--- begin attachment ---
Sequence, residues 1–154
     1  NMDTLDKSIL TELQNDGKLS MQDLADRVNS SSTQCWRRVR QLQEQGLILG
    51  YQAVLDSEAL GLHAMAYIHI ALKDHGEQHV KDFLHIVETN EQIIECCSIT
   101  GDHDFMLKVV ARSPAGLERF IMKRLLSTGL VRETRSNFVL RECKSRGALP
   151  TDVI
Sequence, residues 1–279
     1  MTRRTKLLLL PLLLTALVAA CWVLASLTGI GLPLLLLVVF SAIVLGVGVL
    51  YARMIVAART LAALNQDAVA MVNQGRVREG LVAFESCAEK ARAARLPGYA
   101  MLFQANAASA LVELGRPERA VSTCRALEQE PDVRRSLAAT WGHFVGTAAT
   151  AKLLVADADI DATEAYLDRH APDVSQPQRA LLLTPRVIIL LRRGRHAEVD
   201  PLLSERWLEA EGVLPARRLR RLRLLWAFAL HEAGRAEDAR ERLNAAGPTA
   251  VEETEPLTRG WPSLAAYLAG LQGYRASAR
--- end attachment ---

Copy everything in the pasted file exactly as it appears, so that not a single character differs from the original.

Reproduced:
Sequence, residues 1–154
     1  NMDTLDKSIL TELQNDGKLS MQDLADRVNS SSTQCWRRVR QLQEQGLILG
    51  YQAVLDSEAL GLHAMAYIHI ALKDHGEQHV KDFLHIVETN EQIIECCSIT
   101  GDHDFMLKVV ARSPAGLERF IMKRLLSTGL VRETRSNFVL RECKSRGALP
   151  TDVI
Sequence, residues 1–279
     1  MTRRTKLLLL PLLLTALVAA CWVLASLTGI GLPLLLLVVF SAIVLGVGVL
    51  YARMIVAART LAALNQDAVA MVNQGRVREG LVAFESCAEK ARAARLPGYA
   101  MLFQANAASA LVELGRPERA VSTCRALEQE PDVRRSLAAT WGHFVGTAAT
   151  AKLLVADADI DATEAYLDRH APDVSQPQRA LLLTPRVIIL LRRGRHAEVD
   201  PLLSERWLEA EGVLPARRLR RLRLLWAFAL HEAGRAEDAR ERLNAAGPTA
   251  VEETEPLTRG WPSLAAYLAG LQGYRASAR